• Hospitals —The budget consolidates existing graduate medical education programs in Medicare, Medicaid, and other programs into one funding stream and caps annual funding growth at 1 percentage point below inflation, reducing net payments to hospitals by $48 billion (the net figure includes a $195 billion reduction in Medicare spending). Hospitals also lose a net of $70 billion from the budget’s reduction in payments for uncompensated care (the net figure includes a $138 billion reduction in Medicare spending). Other major cuts to hospitals include $37 billion from reducing Medicare’s coverage of bad debt, and $34 billion from paying all hospital-owned off-campus physician offices at the lower physician office rate (currently, many such facilities are exempt from this payment rule).

 

  • Post-acute care providers — The budget establishes a unified payment system for post-acute care providers such as skilled nursing facilities, home health agencies, inpatient rehabilitation facilities, and long-term care hospitals to better align payments with costs and patients’ needs. This policy reduces spending by $80 billion.

Other Items of Note

Wastes money on ineffective and unnecessary border wall — The budget spends $1.6 billion of American taxpayer dollars to construct a wall along the southern border. While the budget requests $1.6 billion for 2019, the Administration anticipates that American taxpayers will end up paying $18 billion on total wall construction.

Bets on implausible economics — The budget relies on unrealistic economic assumptions and counts on $0.8 trillion in deficit reduction from the supposed economic growth effects of its policies. The Administration assumes the economy will steadily grow at rates significantly higher than independent analysts think is sustainable. The growth rates assumed in the budget may be achievable for a short time but are unlikely to be maintained over the long run given the much slower projected rates of work force growth (unless we were to significantly increase the work force by allowing higher levels of immigration).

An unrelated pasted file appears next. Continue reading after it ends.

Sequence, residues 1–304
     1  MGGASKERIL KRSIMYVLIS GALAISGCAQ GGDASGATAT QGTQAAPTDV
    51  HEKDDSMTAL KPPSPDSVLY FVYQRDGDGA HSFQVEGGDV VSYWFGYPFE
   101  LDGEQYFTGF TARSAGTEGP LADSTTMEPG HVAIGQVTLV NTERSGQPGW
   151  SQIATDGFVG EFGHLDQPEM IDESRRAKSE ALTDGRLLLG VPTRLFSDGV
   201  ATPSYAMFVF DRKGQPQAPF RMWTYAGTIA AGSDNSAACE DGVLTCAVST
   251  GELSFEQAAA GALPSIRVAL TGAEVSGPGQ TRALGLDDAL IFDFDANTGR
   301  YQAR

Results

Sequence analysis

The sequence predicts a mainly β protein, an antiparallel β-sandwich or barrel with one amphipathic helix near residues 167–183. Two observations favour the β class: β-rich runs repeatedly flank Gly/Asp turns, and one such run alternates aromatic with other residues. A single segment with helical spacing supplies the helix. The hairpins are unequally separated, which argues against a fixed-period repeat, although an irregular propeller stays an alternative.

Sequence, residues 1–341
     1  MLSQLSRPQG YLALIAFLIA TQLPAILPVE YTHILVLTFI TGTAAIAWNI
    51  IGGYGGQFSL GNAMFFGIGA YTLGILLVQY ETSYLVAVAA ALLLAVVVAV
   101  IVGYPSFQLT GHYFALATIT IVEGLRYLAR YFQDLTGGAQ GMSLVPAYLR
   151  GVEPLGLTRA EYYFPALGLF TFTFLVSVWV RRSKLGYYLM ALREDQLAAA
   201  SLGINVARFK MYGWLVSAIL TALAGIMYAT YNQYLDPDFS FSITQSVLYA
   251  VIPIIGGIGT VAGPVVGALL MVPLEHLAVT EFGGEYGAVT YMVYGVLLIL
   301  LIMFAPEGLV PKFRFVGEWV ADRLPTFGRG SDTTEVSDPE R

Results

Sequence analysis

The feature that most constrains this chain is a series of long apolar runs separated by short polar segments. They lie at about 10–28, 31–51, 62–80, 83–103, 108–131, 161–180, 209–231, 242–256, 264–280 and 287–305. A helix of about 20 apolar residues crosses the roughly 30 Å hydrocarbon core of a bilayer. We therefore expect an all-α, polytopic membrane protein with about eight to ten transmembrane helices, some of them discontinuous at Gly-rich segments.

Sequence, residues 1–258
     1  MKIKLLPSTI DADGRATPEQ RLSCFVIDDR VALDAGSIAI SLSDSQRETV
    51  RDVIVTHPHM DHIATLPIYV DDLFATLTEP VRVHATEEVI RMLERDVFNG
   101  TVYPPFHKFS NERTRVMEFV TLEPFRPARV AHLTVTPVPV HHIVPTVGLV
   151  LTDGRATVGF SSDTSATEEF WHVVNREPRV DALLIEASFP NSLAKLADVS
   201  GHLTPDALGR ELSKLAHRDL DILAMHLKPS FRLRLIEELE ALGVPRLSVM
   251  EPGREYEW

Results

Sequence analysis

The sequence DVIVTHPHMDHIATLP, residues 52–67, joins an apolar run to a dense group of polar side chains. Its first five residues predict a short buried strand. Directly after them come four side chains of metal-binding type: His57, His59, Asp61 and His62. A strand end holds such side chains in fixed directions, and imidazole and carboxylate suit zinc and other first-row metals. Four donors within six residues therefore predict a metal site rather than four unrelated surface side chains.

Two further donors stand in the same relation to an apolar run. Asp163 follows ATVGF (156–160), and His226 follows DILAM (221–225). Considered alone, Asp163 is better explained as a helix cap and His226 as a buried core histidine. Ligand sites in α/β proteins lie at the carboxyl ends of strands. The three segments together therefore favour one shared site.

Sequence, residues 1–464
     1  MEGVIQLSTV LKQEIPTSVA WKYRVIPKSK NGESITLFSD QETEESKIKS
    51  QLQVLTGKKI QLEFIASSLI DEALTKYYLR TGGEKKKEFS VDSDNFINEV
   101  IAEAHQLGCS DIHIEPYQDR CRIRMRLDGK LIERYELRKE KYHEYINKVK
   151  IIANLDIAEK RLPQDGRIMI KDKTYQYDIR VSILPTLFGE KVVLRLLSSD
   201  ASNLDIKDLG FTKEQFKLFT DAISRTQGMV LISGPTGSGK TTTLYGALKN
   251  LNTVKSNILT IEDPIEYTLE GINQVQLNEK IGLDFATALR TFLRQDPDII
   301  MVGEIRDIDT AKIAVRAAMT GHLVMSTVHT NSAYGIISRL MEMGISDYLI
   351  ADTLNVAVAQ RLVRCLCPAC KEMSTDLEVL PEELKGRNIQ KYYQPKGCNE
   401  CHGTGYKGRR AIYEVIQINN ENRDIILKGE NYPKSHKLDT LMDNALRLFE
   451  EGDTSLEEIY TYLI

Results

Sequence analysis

The budget assumes higher growth rates than recent projections by the Congressional Budget Office and the “Blue Chip” consensus of private forecasters. The gap is particularly strong in the later years of the coming decade, when the Administration expects the economy to grow at nearly 3 percent annually while other forecasters predict growth of about 2 percent. The Administration also expects growth to remain this strong while inflation and interest rates remain comparatively low, at roughly the same levels as in other forecasts.

Uses the federal workforce as a piggybank — Federal employees have contributed billions of dollars in forgone pay raises, increased retirement contributions, and unpaid furloughs over the last several years. This budget continues to pick the pockets of federal employees by cutting federal employee compensation and retirement benefits by more than $155 billion over ten years. The cuts include:

  • reducing the government share of employees’ health insurance premiums;
  • increasing employee retirement contributions by 1 percentage point per year until they equalize with agency contributions;
  • eliminating cost of living adjustments for current and future Federal Employees Retirement System (FERS) retirees;
  • reducing cost of living adjustments for Civil Service Retirement System retirees by a half of a percentage point;
  • eliminating the FERS Special Retirement Supplement;
  • changing the retirement annuity calculation from using the average of the highest three salary years to the highest five salary years;
  • reducing the G-fund interest rate in the Thrift Savings Plan; and
  • imposing an across-the-board pay freeze for 2019.